>> real goal is to route the reply traffic via a different route than the
>> request traffic -- I already got it to send the replies out a different
>> network interface then the requests came in, but I haven't yet figured 
>> out
>> how to rewrite the source address of the replies.
>
> Why do you need to rewrite the address?
> Just routing the packet should be enough, unless there is an
> intermediate firewall that is dropping the packets based on the
> source address.

I need to rewrite the address so the calling party gets replies with the 
correct source address.
I've very carefully created a .PNG diagram on this webpage including IPs and 
text descriptions here:
http://jesseg.nikola.com:8080/asym-nat-route/
This will explain Exactly what I'm trying to do, and why I need to snat on 
the connection replies.

As shown in the diagram, I did set up an experiment that did what I wanted, 
except I had to use an extra nat iptables box.
That's the first shown diagram on the webpage mentioned above.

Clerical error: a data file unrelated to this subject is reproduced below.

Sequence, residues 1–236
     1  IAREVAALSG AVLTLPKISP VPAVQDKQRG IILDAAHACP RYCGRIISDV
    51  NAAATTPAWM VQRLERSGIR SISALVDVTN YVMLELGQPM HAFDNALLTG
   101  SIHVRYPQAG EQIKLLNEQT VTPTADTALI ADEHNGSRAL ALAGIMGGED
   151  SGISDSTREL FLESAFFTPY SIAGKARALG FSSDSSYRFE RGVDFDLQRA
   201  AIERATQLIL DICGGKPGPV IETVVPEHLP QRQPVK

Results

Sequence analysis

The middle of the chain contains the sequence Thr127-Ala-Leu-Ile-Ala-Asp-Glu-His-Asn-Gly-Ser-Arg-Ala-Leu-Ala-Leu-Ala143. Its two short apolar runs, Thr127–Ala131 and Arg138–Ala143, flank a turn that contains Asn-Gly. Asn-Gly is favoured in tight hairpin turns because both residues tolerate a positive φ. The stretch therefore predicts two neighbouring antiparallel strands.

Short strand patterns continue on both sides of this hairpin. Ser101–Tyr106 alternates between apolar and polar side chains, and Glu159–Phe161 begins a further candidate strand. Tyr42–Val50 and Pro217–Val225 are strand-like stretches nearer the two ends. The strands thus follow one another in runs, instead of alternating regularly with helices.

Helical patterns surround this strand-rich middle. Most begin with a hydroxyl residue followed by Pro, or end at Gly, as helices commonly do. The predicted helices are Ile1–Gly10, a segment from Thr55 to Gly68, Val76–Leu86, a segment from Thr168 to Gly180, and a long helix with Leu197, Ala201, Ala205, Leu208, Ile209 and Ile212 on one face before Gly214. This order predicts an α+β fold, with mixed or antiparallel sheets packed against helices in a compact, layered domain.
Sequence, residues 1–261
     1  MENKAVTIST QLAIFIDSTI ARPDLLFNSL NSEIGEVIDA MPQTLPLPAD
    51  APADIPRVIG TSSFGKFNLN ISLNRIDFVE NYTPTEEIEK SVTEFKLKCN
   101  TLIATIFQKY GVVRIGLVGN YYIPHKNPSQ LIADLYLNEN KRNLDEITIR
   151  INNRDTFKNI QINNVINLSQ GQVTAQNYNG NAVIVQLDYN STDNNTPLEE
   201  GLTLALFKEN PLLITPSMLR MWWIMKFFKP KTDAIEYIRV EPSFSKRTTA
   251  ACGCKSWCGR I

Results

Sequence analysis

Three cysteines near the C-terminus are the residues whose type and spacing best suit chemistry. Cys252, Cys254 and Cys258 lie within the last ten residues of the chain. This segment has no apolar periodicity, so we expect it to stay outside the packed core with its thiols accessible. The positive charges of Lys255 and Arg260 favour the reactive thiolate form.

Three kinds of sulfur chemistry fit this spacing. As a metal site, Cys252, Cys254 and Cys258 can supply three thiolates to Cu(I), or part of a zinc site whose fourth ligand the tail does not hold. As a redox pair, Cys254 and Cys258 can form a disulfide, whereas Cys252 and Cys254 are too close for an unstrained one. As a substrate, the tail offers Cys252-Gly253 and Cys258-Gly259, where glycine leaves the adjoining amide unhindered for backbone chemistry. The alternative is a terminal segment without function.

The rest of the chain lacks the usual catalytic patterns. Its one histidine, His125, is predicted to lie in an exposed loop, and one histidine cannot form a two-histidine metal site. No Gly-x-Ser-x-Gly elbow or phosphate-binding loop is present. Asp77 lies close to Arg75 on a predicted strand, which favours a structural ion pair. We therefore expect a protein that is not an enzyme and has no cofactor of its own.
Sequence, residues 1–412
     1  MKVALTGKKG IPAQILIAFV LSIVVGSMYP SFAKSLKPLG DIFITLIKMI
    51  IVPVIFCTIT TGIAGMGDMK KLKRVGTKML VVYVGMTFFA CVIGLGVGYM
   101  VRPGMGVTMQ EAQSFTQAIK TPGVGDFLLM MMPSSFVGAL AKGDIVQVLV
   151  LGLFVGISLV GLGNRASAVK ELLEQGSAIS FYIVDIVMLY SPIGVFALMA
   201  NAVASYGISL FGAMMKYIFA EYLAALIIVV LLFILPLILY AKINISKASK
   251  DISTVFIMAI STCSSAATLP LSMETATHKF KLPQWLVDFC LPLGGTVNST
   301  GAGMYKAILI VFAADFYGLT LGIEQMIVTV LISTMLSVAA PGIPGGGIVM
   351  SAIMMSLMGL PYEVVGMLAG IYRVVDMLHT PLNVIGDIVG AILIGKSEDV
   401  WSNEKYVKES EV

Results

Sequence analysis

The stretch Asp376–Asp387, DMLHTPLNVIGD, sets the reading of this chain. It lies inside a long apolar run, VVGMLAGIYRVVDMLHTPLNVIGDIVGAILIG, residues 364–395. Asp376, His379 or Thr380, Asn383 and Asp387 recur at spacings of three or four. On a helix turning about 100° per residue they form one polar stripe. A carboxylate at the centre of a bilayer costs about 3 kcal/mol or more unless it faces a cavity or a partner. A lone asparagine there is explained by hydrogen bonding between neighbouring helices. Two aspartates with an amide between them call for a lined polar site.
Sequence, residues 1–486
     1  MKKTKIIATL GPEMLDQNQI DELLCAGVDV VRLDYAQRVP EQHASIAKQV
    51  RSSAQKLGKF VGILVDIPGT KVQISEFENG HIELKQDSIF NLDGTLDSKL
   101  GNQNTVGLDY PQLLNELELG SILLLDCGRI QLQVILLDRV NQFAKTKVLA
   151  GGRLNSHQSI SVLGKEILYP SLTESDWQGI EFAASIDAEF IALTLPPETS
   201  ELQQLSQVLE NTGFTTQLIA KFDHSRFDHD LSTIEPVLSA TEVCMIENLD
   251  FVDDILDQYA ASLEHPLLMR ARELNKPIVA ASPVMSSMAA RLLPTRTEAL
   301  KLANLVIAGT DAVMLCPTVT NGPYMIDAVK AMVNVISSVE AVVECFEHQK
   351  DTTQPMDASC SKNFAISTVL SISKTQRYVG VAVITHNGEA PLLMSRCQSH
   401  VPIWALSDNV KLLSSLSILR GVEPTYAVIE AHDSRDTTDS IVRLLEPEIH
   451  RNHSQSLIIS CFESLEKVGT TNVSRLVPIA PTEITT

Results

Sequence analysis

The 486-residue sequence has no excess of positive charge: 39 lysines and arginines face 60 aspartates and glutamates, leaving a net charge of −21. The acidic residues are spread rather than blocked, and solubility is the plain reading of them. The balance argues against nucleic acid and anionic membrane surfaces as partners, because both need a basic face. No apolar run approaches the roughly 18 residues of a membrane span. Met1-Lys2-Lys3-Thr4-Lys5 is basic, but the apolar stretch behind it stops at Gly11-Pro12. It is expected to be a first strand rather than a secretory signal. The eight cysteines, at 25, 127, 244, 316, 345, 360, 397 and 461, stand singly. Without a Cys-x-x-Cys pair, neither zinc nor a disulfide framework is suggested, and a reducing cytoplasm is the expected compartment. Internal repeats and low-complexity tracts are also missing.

It seems iptables has no problem matching and SNATting reply packets as long 
as they aren't the reply packets generated
by a local server.


>
> I think you are confusing the nat and filter tables.
>

I don't know the difference between nat and filter, except that nat is the 
only one that can do nat, I think.

>
> The nat table only sees the first packet of a connection, because it
> is designed to set up the nat mapping based on the first packet only.
>

I've been reading a little in the iptables tutorial by Oskar Andreasson --  
and he says the same thing as you.

But it seems to me that nat can match on all packets that are forwarded, but 
I may be confused on this.

I did this experiment (unrelated to the diagrams above):
Workstation: 10.0.0.6 with a default gw of 10.0.0.5
iptables firewall box: WAN=64.146.180.164, LAN=10.0.0.5, default gw 
64.146.180.225
Then I did:

#Prevent packets from being sent out with a src address of 10.0.0.6:
iptables -t nat -A POSTROUTING -o eth1 -s 10.0.0.6 -j SNAT --to-source 
64.146.180.164
#Forward incoming packets to 10.0.0.6..